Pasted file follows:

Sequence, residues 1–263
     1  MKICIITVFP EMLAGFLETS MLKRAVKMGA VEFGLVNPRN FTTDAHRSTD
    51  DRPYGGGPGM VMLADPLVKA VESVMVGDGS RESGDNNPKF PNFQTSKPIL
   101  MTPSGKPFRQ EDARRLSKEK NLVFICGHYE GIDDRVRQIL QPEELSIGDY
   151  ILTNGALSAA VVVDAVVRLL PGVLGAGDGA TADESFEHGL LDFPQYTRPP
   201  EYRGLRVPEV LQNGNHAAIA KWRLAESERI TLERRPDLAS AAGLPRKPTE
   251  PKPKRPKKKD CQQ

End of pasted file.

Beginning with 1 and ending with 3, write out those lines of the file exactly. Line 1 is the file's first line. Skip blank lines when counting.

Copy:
Sequence, residues 1–263
     1  MKICIITVFP EMLAGFLETS MLKRAVKMGA VEFGLVNPRN FTTDAHRSTD
    51  DRPYGGGPGM VMLADPLVKA VESVMVGDGS RESGDNNPKF PNFQTSKPIL